These sick legislators behave like those who seized power in Germany in the 1930s. They do not represent the party of Richard Nixon, Ronald Reagan, Dwight Eisenhower or the Bushes. They do not believe in one man, one vote. They are against early voting and favor intimidation, harassment, photo identification, gerrymandering and other tactics directed at the poor, minorities and middle class. They don't care if a person has to wait in line seven hours to cast his or her vote.

While it is easy to understand their motivation on the surface, the deep-rooted reason for this new legislation is the fact that Georgia, Arizona and Texas are on the fast track to become blue states in the next two election cycles. This is a result of the rapidly growing Latino population and an increasing poor and middle-class population.

The neocons hate anyone who is not white, rich and privileged.

Ask yourself: Would Eisenhower have been able to construct the Interstate Highway System or, for that matter, been able to govern had these neocons been in power during his presidency?

CHARLES M. LEUSNER

Cape May Court House

Assembly gun bills

won't make us safer

On Feb. 21, the state Assembly passed 22 anti-gun bills. Lawmakers voted on them after more than seven hours of public and expert comment explaining how the bills would in no way affect criminal misuse of firearms.

The Assembly members who voted for these proposals showed their lack of knowledge of New Jersey's current gun laws. They also showed their total lack of respect for law-abiding gun owners.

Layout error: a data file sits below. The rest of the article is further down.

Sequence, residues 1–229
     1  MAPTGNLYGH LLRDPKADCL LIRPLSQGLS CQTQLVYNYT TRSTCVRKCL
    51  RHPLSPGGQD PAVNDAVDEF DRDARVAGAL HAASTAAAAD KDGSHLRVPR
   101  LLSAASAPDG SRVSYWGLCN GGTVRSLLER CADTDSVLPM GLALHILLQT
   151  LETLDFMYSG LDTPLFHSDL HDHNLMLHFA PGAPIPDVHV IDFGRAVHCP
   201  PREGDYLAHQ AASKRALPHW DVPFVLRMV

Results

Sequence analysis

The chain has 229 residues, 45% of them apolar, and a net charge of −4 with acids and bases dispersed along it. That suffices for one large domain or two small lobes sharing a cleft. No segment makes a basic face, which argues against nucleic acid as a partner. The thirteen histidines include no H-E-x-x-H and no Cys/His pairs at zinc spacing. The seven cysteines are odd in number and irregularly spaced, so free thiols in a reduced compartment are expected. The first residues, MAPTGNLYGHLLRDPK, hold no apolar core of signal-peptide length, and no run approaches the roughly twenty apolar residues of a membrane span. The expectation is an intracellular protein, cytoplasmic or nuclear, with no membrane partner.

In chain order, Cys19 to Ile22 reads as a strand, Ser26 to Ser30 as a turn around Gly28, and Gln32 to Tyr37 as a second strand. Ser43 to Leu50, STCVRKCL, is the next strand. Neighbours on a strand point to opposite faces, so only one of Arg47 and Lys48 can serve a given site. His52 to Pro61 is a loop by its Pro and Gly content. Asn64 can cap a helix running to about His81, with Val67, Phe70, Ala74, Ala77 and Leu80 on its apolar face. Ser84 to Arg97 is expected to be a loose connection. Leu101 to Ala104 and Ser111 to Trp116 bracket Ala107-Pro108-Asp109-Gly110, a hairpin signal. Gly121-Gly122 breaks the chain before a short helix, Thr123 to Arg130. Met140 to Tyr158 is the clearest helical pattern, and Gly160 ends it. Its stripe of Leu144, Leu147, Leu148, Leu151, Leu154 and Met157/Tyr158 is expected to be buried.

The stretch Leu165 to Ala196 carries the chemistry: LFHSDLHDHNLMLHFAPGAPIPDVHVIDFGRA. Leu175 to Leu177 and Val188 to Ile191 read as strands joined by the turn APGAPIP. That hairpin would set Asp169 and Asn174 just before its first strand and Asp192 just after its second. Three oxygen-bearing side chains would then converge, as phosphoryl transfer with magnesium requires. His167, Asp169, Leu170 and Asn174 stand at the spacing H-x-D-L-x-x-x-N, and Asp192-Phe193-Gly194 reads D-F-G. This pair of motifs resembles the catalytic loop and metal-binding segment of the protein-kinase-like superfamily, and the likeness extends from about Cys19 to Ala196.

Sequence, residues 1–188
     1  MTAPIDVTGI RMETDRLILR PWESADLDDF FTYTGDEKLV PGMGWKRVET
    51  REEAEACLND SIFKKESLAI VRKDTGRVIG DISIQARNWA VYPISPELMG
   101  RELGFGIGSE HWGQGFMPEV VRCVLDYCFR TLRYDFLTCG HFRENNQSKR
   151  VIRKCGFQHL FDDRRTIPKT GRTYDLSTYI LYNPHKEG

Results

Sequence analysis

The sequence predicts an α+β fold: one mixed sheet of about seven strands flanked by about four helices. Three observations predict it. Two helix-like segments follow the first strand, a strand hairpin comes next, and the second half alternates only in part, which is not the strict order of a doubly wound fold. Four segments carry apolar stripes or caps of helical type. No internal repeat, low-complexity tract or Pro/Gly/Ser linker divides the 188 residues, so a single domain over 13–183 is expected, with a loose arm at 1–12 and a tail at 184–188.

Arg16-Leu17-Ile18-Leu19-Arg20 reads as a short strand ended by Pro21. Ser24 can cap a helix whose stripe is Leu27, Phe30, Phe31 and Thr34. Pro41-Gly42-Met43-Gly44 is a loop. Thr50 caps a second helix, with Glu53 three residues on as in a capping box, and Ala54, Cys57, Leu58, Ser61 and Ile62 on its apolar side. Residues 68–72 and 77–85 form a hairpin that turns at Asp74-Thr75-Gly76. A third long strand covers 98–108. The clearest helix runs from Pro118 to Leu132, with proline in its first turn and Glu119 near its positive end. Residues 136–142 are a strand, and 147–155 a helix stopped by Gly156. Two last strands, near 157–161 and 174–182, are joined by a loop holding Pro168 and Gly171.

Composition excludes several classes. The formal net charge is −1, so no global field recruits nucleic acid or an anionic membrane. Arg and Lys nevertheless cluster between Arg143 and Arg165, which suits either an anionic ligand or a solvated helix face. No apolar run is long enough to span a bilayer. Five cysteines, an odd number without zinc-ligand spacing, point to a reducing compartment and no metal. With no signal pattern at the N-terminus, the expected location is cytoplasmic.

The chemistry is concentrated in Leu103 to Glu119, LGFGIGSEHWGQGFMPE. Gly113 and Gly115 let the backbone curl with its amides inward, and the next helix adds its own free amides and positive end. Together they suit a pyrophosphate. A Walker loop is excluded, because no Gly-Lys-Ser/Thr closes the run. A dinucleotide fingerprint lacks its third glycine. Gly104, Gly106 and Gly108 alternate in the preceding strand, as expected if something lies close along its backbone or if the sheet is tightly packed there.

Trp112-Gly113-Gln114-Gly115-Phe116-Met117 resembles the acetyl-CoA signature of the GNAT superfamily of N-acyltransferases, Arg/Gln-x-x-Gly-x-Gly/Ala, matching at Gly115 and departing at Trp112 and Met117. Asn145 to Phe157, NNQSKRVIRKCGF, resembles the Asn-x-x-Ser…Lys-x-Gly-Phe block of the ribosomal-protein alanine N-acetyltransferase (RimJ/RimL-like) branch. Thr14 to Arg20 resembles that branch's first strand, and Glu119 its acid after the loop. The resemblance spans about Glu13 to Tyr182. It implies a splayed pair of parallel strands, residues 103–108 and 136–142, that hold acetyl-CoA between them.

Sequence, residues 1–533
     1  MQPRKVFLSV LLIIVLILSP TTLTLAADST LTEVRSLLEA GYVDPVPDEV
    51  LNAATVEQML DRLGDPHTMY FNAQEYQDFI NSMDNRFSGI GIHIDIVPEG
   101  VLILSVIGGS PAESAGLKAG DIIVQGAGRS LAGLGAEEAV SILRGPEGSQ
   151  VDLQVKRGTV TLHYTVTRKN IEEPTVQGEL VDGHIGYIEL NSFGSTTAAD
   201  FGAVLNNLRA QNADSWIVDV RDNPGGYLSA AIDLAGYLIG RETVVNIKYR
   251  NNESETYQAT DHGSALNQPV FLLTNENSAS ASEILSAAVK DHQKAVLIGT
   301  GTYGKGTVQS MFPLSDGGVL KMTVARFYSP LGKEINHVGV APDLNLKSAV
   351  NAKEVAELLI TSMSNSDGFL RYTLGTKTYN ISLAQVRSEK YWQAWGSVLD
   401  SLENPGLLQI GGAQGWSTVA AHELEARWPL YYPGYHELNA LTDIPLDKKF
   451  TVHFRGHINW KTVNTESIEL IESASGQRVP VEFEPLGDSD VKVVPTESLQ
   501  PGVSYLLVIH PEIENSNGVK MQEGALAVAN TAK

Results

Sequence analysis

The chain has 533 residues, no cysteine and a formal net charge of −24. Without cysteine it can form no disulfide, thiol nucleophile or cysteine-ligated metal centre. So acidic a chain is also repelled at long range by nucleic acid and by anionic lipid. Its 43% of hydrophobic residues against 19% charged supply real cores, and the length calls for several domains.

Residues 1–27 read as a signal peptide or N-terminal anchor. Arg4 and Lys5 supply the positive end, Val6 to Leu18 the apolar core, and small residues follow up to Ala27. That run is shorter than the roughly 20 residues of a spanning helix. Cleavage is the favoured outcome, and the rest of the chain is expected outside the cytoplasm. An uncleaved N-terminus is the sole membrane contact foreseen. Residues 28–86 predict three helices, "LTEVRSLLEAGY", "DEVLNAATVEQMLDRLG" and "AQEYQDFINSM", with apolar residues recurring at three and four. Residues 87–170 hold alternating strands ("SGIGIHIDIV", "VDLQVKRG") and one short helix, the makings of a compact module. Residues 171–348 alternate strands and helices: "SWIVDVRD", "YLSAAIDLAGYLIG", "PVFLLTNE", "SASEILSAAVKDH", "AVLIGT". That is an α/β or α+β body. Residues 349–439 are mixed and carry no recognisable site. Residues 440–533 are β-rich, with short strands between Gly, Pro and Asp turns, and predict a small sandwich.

Lowering the magazine capacity from 15 to 10 rounds and banning online sales of ammunition will only affect the law-abiding citizen. Requiring pictures to be on New Jersey firearms identification cards is costly and redundant because a photo ID is already required when purchasing a firearm or ammunition. The existing laws in New Jersey already prohibit criminals and the mentally ill from purchasing firearms or ammunition.

Mandatory training before a first-time purchase and the increased funding for school safety are the only things proposed that will make New Jersey safer. Hopefully more rational heads will prevail in the state Senate.

Please remember that criminals have no respect for the law, so passing more laws will never affect them.

DARRIN MONTAGNA

Vineland

Limits necessary

to gun rights

Regarding those of you who believe that proposed gun legislation is a violation of our rights as Americans:

Let me first say that I am a believer in the Second Amendment. Whether you use firearms for sporting purposes or self defense, it is your constitutional right. But I also believe there should be limits. If you feel it is absolutely necessary to have assault rifles, magazines with enough bullets to wipe out the entire neighborhood, and hollow-point or armor-piercing bullets that do not just disable but mean certain death to anyone unfortunate enough to get in your sights, let me suggest the following:

Think about changing the environs in which you live.

Get out of the business you're in that makes you feel it is necessary to have these weapons.

Seek medical help.

Build a better bunker.

ALFRED HARRISON

Northfield